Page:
With the news that Gus’s mother Hannah is almost certainly pregnant again, it seems that my chronicling of the Small Dog Experience will soon (end of summer) get underway again. I have never had a small dog before Gus, and when I learned that small dogs now greatly outnumber larger dogs, I realized I was falling behind as a dog writer and needed to catch up.
Beyond that, I have also been noticing that the Big Men In Trucks, an enduring fixture of rural life, which can be, for men, the world’s greatest toy store, all ride around with small dogs, and love them so much they often cry just talking about them.
When my big tough logger Greg Burch introduced me to J.D., his ancient Pug, I thought he would just melt with love and pride. What is it about these dogs that draws so much love and feeling, I have long wondered. John, our burly chimney sweep, cries every time he mentions his English Bull Dog, who died four years ago. The Snells, burly men in giant trucks who clean our septic system once a year, ride around with four corgis and hug each one after every job.
I didn’t get all that far with Gus, who only lived for about ten months. He did get me hooked, on small dogs in general and Boston Terriers in particular.
These dogs are an anomaly, and also an illusion. They appear to be small, but in fact, are quite large. I came to call Gus the Little King, there was nothing in the house that was not his, nothing that was not his business, no dog toy he would not claim, no animal – from border collie to donkey to sheep.
The online worrying brigades fussed at me constantly for letting Gus out into the pasture with the border collies, and the sheep and the donkeys. Maria and I resolved that Gus would be a dog like any other dog, and a farm dog at that, he would not be a cosseted toy protected from our lives. Donkeys and sheep are in our lives, along with feisty chickens and territorial barn cats.
If Gus was to live with us, he would have to make his own way. He would not be a furbaby.
This was tested shortly when he ran under Lulu’s legs, and she twitched a bit and kicked him, startling him into a yelp. He turned and barked at her, indignant, and the next day, he sat and rode on her back. He loved to sit on the donkeys and was even riding around on them when he got sick and had to stay in the house.
We we warned in no uncertain terms that he couldn’t go outside without sweaters, and even booties, so I bought sets of each and used a sweater once. Gus did not mind the cold at all, and when it got bitter, and shivered he would run to the back door and ask to be let in. He was fond of the space in front of the wood stove, which he claimed as his own.
He also claimed Lenore’s sofa in my study as his own. And the sofa in the living room as his own. And a rocking chair with a soft cushion. And he wasn’t allowed on the furniture.
Small dogs have no idea that they are small dogs, in their mind’s eye they are all Tyrannosauruses, they rule the earth and submit to no living thing. Small dogs like Boston Terriers pretend to be cute, but are not. It is a trick to keep them safe, I think and intimidate their enemies.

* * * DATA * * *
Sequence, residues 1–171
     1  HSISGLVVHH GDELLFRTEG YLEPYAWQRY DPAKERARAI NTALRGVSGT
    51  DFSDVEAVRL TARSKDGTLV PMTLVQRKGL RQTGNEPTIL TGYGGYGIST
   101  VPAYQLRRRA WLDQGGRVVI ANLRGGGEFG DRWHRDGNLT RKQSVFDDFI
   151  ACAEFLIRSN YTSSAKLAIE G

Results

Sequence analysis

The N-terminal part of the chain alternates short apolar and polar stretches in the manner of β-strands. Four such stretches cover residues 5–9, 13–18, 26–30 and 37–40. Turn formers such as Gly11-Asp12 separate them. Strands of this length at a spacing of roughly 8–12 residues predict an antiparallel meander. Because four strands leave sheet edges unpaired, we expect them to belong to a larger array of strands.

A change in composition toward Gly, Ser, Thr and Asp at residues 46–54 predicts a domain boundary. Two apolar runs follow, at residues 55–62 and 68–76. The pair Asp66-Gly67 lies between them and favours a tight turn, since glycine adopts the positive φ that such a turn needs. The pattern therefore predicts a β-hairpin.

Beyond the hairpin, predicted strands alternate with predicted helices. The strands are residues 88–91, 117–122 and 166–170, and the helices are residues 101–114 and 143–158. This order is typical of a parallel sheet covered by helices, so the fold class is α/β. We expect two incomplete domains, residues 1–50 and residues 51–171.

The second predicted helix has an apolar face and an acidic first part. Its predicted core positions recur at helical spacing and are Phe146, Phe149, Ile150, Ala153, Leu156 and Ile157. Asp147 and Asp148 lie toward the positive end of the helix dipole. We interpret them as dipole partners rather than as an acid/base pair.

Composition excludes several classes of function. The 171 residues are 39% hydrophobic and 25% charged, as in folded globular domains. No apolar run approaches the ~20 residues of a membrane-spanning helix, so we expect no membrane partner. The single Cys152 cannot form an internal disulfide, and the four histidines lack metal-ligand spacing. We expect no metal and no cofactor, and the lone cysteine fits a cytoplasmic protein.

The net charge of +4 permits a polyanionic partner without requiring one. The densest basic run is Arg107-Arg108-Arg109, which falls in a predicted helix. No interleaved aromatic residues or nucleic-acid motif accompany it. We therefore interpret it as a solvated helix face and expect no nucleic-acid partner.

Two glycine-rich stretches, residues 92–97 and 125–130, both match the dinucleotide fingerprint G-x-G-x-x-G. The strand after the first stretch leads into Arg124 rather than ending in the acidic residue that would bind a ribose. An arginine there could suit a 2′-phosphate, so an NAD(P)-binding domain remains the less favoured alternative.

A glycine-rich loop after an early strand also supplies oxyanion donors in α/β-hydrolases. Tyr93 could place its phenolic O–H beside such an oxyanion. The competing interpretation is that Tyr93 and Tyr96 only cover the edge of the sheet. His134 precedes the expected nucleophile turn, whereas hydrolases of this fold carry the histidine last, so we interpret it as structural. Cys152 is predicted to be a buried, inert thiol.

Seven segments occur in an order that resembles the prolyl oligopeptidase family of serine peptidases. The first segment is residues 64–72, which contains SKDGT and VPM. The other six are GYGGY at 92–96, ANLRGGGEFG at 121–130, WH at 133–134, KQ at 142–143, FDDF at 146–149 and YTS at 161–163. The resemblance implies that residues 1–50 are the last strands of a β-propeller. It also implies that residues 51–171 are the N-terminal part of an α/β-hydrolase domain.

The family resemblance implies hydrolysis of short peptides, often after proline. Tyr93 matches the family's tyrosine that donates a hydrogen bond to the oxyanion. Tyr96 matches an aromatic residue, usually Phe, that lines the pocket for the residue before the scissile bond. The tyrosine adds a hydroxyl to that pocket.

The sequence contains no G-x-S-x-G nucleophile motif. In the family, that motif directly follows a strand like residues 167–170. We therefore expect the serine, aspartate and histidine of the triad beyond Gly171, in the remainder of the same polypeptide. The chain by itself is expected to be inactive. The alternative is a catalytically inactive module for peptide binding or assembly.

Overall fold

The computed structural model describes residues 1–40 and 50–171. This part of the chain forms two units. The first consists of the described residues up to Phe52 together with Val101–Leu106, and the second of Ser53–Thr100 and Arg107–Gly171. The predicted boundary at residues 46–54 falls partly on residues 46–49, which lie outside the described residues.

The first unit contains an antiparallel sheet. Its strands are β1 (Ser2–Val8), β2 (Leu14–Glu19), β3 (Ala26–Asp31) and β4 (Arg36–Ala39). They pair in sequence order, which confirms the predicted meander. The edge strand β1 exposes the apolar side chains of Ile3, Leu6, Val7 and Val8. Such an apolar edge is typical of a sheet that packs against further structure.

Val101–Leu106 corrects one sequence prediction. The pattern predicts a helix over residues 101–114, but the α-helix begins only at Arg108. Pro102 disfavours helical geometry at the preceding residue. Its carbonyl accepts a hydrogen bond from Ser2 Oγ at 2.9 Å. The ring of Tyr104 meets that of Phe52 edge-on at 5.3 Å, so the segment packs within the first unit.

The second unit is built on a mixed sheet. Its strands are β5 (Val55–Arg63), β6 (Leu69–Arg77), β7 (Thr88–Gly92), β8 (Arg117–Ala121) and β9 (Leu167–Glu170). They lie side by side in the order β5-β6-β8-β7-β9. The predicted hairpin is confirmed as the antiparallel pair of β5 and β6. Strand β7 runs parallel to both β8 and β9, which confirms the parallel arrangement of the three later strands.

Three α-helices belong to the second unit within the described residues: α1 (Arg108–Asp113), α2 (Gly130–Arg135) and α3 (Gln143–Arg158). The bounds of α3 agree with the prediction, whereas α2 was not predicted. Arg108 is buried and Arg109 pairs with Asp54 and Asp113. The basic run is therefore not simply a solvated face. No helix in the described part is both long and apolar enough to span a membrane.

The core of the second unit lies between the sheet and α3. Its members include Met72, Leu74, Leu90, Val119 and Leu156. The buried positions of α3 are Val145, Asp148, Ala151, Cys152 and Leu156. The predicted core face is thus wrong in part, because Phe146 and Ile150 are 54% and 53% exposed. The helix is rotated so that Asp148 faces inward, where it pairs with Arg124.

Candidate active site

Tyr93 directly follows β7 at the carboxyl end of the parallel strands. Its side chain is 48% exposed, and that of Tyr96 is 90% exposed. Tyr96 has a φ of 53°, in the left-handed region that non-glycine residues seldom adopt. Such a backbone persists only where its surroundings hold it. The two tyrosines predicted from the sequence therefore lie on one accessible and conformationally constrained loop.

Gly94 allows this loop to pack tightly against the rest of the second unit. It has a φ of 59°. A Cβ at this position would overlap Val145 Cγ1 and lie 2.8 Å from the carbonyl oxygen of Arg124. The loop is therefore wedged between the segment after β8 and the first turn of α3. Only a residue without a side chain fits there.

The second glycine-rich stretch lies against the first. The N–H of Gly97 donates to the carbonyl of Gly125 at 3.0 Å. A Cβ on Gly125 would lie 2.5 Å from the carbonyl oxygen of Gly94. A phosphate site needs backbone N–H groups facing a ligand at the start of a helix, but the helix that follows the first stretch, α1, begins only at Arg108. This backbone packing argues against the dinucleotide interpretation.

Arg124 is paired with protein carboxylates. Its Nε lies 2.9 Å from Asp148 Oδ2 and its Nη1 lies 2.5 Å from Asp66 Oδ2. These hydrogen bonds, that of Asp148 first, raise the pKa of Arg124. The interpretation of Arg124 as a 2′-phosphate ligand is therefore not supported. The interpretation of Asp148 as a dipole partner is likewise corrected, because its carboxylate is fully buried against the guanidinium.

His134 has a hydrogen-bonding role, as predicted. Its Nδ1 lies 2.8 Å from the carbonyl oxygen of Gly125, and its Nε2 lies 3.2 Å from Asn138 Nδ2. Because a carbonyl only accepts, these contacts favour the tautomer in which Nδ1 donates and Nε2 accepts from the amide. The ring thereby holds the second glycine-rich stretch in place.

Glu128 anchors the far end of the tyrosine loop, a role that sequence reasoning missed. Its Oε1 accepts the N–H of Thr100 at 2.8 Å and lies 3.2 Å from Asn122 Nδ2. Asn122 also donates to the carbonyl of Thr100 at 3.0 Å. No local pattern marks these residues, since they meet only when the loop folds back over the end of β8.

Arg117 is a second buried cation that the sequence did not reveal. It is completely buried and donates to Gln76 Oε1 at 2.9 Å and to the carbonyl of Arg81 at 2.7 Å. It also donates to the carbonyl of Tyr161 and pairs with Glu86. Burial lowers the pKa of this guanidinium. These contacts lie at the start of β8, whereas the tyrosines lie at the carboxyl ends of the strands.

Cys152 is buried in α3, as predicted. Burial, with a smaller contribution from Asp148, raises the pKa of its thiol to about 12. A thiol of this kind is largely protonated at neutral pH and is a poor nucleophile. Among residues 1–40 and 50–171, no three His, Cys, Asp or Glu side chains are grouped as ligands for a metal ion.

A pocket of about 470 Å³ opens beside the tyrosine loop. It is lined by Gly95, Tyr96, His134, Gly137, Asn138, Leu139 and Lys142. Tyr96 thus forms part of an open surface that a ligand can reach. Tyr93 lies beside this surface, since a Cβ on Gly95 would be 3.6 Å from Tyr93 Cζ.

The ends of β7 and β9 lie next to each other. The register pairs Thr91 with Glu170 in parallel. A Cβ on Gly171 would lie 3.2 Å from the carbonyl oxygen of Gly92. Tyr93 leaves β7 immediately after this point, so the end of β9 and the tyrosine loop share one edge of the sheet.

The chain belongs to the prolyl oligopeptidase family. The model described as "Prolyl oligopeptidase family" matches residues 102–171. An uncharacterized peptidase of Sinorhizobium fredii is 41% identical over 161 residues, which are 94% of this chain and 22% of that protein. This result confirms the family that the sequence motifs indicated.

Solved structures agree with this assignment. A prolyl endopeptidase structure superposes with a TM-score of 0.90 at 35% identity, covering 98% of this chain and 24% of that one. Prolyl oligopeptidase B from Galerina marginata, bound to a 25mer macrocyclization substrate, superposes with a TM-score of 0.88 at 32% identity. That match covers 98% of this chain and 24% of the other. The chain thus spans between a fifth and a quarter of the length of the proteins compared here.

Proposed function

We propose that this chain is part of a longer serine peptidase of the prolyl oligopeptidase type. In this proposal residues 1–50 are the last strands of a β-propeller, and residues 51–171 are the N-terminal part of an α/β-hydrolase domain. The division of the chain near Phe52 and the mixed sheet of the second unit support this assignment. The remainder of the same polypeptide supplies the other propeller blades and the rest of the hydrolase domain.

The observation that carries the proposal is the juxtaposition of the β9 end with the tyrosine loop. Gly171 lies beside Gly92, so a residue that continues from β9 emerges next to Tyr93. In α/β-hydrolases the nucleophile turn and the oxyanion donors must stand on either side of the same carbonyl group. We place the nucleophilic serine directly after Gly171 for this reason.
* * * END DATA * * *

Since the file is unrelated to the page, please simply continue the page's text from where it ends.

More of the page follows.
Gus thought nothing of rushing up to the very dominant Fate dog and pulling a treat right out of her mouth. She was shocked for about two seconds, and then came after him but he was already hiding under an ottoman, sticking his head out to taunt and ridicule her. She would look at me in bewilderment and give up.
They are among the world’s greatest ride-a-long dogs, they fit in small spaces and navigate with precision. They are eager to go anywhere anytime. But I think the best thing about small dogs is that they make me laugh, Maria too. Gus had us laughing all the time, he wore his ridiculousness like a mask, and he was so pompous sometimes you just had to laugh.
Our barn cat Flo hissed and growled at Gus, but he didn’t seem to notice. He barked and flirted with her until she gave up and accepted his presence.
I think my all time best memory of Gus was when he was hanging out with the border collies in the pasture and the sheep spooked and started running towards him. They all towered over him, and I know he had been studying Red and Fate for days, trying to figure out what the hell was going on out there, and how he could do what the big dogs were doing.
I was alarmed when I saw the sheep running at him for the first time, i wasn’t close. I yelled “Gus, get out of there!” But Gus was not alarmed. He sat down, looked imperious and just started barking at the sheep. The sheep, who have seen it all in their lives on the farm, had not seen anything like this.
They screeched to a halt, astonished at his impertinence and presumption. They had never seen anything like it, and didn’t know what to make of it. They could not imagine what he was. But he did stop them.
Then, satisfied, he barked twice for good measure, turned and ran behind me. Small dogs are smart.
I don’t know if we’re getting a he or a she, but I don’t expect another Gus. That would be foolish and unkind. This new dog will be their own dog, and I will be glad to get on with the Small Dog Experience. Thanks for coming along.